“Is Fox 29 Turning Into Fox News?” Inside Allegations of an “Extremely Conservative” Newsroom Culture
Several former and current employees at Fox 29 allege that the station's newsroom is run by "toxic, super-white, and Trump-apologizing management."
Following former Fox 29 legal analyst Ken Rothweiler’s allegation that he was fired by the station’s news director for being “too pro-Black Lives Matter,” nine more people who have worked at the local station are now sharing their experiences with a newsroom culture some describe as being “toxic,” “racially offensive,” “extremely conservative,” and “socially intimidating.”
“The sentiment from myself and my former colleagues has been that Fox 29 has definitely evolved into a Fox News atmosphere in recent years,” Rothweiler tells Philly Mag. “I was at the station for over a decade and saw firsthand how management has gone from being conservative to being extremely right-wing in how they ran the newsroom after Trump got elected. I recently let the general manager of the station know how these problems need to still be addressed.”
Philly Mag has obtained an email sent on July 14, 2020, by Rothweiler to Fox 29’s general manager, Dennis Bianchi, following the story of the former legal analyst’s firing from the station.
“As an employer myself with a similar number of employees to yours in your newsroom, I have dealt with employee complaints,” Rothweiler, a founding partner of the Eisenberg Rothweiler law firm, wrote in his email to Bianchi. “I would make the same recommendation to you to address the many concerns and complaints in your newsroom. Yesterday’s article addressed my concerns; there are many more concerns by many more people. I am sure my revelations are being denied and may be met with skepticism by management. My suggestion is to uncover the truth from those that work every day under your roof.”
Including Rothweiler, Philly Mag has spoken with 10 former and current Fox 29 employees about their experiences working at the station. These employees, who have requested anonymity because they fear retaliation, include on-air talent, producers, newsroom staff and more; span various racial, age, and gender identities; and range from longtime current employees to former employees who left the station after brief tenures.
“Is Fox 29 turning into Fox News?” a former on-air anchor asked rhetorically when contacted by Philly Mag. “Absolutely.”
This former anchor, who worked at Fox 29 from 2013 to 2016, found the environment at the station difficult even before Trump was elected. He describes the newsroom culture under news director Jim Driscoll, who started in 2013, as “extremely white, conservative, and everything wrong you would expect from such leadership overseeing news coverage in a diverse city.”
“When I first started working at Fox 29, Driscoll called me into his office and chastised me for openly praising a Black news director working at another station,” the former anchor says. “I always felt like I had to be super-cautious of how I expressed progressive sentiments in the newsroom, whether it was stating that I was a fan of certain liberal television channels like Al Jazeera or expressing outrage when a police killing happened.”
A former web producer, who worked at Fox 29 from 2017 to 2020, charges that the station’s newsroom culture under Driscoll was “extremely conservative, racially offensive, and biased toward defending Trump.” Among the examples the producer cites is the way Fox 29 management handled an incident involving the use of the n-word by a white on-air personality.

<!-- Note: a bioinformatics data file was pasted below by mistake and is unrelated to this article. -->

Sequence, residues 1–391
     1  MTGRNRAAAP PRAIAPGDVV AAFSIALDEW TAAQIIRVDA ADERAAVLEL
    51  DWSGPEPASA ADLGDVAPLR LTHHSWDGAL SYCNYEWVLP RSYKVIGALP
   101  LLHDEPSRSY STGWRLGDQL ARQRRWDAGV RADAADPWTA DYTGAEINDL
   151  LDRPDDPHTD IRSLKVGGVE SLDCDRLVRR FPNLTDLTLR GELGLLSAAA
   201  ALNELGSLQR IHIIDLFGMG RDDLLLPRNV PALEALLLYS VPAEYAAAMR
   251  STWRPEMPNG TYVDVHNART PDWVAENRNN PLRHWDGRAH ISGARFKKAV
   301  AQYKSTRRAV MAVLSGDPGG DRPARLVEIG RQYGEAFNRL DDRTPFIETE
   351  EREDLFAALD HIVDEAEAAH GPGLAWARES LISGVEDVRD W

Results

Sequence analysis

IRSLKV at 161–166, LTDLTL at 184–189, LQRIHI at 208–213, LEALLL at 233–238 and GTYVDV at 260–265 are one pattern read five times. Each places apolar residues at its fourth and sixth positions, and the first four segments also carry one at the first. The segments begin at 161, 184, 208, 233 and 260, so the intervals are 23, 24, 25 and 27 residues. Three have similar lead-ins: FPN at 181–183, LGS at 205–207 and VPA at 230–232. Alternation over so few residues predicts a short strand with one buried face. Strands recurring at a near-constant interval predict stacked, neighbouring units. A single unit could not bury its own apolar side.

On the morning of Saturday, November 24, 2018, the former web producer says, Lauren Johnson, a Good Day Philadelphia Weekend anchor, shared a racist Twitter post from an online troll referring to her as the n-word. The former web producer says that Johnson, who is Black and still works at Fox 29, also shared the tweet with an on-air colleague, who proceeded to read the post aloud, including the racial slur, several times to the newsroom.
“I was immediately appalled that he would say the exact word out loud,” the former web producer tells Philly Mag. “There were several Black anchors and producers in the newsroom who overheard him repeat the n-word in its totality. I confronted him as another white person in the newsroom to advise him that this wasn’t acceptable and that he needed to stop. He got defensive and suggested that he was entitled to say it because rappers say it all the time. The next thing I know, there’s a huge internal investigation.”
Several current employees at Fox 29 corroborate the incident, noting that the on-air personality, who left the station shortly after the incident, said the n-word repeatedly in rereading the tweet and cited rappers’ use of the word as his defense.
On Sunday, November 25, 2018, several employees, including the now-former web producer, were called on to give their account to Driscoll and Fox 29’s human resources department.
“I told Driscoll that the [employee] had said the n-word several times even after I told them to refrain from doing such,” the former web producer says. “Driscoll was startled and said that management wasn’t aware of the full extent of the situation. An internal investigation was launched, and I was told in December 2018 by human relations that the [employee] was no longer working at Fox 29.”
Lauren Johnson declined to comment about the incident. Fox 29 confirmed that the employee who allegedly said the n-word out loud has not been with the station since December of 2018.
While some employees were pleased that the incident ended with the employee’s departure from the station, they were disappointed that there was no public notice, or even an internal memo to the staff informing them of and condemning the misconduct. Requests for racial sensitivity trainings at the station, according to employees, weren’t addressed by management until spring 2020, when they were finally initiated.
This wasn’t the first time Fox 29 faced backlash over a white employee using the n-word in the newsroom. In 2007, former Fox 29 reporter Thomas Burlington was fired after using the n-word during a news meeting. Burlington later sued the station for terminating his contract for racial reasons, and lost following a three-hour deliberation by an all-white jury.